Lok Rang: Reviving cultural heritage

A diverse ensemble of folk musicians, storytellers and dancers from across the country enliven evening.

Scenes from the vibrant performances. PHOTO: MUHAMMAD JAVAID/ EXPRESS


To revitalise cultural heritage, a diverse ensemble of folk musicians, storytellers and dancers from across the country enlivened an evening with a profusion of energy, movement and colour.

The folk music and dance extravaganza titled "Lok Rang" was held at the Pakistan National Council of the Arts (PNCA) on Friday.

Sadia Batool of Potohar region, who emulates the late folk singer Reshma, rendered three of her timeless melodies: "Hai oh rabba nai lagda dil mera," "Akhiyan nu rehn de" and "Kadi te hans bol ve."

Perhaps the only time Batool smiled was while quietly cuing the instrument players to transition from one beat to the next. She was accompanied by Zahid Ali on keyboard, Amanat Masih on tabla, Sajjad Ali on harmonium and Shahid Ali on R-8 drum.

The momentum of the slow-moving evening picked up with the enthusiastic performances of the National Performing Arts Group of the PNCA. They performed the fishermen dance of Makran from Balochistan, the bhangra that is symbolic of the vigour of Punjab, the snake charmer dance and "Dawn to Dusk," a dance depicting a day in the life of the hard-working farmer and expressing joy at a good harvest.

Shahid Mansoor Malangi, son of the famous Mansoor Malangi, performed his father's "Ek phul motiye da mar ke" to an appreciative audience, followed by the mellow numbers "Aaj kala jora pa" and "Keri ghalti huee."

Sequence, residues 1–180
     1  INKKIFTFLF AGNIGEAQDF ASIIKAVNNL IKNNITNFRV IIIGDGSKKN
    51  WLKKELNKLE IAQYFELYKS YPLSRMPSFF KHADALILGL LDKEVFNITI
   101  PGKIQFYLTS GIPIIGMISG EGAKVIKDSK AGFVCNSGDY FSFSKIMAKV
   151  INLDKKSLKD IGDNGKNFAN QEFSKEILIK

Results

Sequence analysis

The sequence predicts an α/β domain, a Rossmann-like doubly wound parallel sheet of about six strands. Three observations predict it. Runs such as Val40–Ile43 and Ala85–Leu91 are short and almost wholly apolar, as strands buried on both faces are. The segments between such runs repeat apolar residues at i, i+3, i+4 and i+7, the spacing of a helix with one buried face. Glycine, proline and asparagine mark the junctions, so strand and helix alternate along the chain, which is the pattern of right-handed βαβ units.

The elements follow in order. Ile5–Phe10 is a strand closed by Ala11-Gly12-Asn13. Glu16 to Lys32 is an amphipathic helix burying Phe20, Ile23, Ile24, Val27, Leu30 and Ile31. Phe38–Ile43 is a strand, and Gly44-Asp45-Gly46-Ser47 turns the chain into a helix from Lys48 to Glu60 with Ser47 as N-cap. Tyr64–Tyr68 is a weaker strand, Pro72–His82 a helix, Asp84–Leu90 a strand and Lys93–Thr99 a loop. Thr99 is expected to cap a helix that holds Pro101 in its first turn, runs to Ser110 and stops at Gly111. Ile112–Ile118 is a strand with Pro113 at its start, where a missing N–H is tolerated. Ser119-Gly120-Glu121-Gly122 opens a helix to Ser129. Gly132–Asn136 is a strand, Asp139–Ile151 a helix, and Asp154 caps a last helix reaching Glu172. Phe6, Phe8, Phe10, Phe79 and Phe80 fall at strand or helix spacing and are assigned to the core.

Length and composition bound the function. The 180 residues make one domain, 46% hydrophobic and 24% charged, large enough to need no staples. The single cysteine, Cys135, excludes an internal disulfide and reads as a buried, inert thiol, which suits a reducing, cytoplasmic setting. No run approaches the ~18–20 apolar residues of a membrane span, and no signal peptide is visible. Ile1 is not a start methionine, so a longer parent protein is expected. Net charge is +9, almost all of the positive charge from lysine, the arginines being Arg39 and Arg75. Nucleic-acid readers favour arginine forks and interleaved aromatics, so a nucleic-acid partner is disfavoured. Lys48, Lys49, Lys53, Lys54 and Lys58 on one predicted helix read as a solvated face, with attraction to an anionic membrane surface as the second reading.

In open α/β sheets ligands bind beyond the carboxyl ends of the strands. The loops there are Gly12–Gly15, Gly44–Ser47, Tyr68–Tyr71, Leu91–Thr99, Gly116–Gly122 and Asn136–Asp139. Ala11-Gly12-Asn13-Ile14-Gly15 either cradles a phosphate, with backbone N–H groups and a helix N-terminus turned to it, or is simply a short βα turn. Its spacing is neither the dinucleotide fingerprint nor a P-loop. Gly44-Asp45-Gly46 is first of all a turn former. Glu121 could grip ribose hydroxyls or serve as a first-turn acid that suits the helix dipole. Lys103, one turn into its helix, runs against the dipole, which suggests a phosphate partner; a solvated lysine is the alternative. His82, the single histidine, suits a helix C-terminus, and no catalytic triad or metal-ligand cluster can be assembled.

Wahid Buksh, popularly known as Alan Faqir Junior, performed mystic poetry of the poets Sachal Sarmast, Shah Abdul Latif Bhittai and Bulleh Shah such as "Wah wah jiye Shah Bhittai," "Kyun chora hai saath" and "Tere ishq mein jo bhi doob gaya."

Spinning like a dervish and engaging the audience with his enthusiasm, he rolled all over the stage in euphoric motion. Buksh has been participating in cultural musical programmes at home and abroad for about 15 years now.

Renowned storyteller and musician Fazal Jutt energised the audience with his lively performance of "Oye dhol wajda," "Challah" a story from the famous folklore Sohni Mahewal. His powerful oratory, sporadic comic timing and the ability to break into dance amid narration were entertaining regardless of whether one could comprehend the linguistic content. His trailblazing performance inspired young boys performing bhangra near the stage.

PNCA Director General Mashood Ahmed Mirza said while addressing the audience, "We have tried to promote a soft image of the country through cultural activities and enlighten our youth on the role of art and culture in the present day."

Published in The Express Tribune, June 8th, 2014.


Harinder S | 7 years ago | Reply

Pleasing to see subcontinent culture still alive in Pakistan. After all we shared that culture for thousands of years.

Replying to X

Comments are moderated and generally will be posted if they are on-topic and not abusive.

For more information, please see our Comments FAQ


Most Read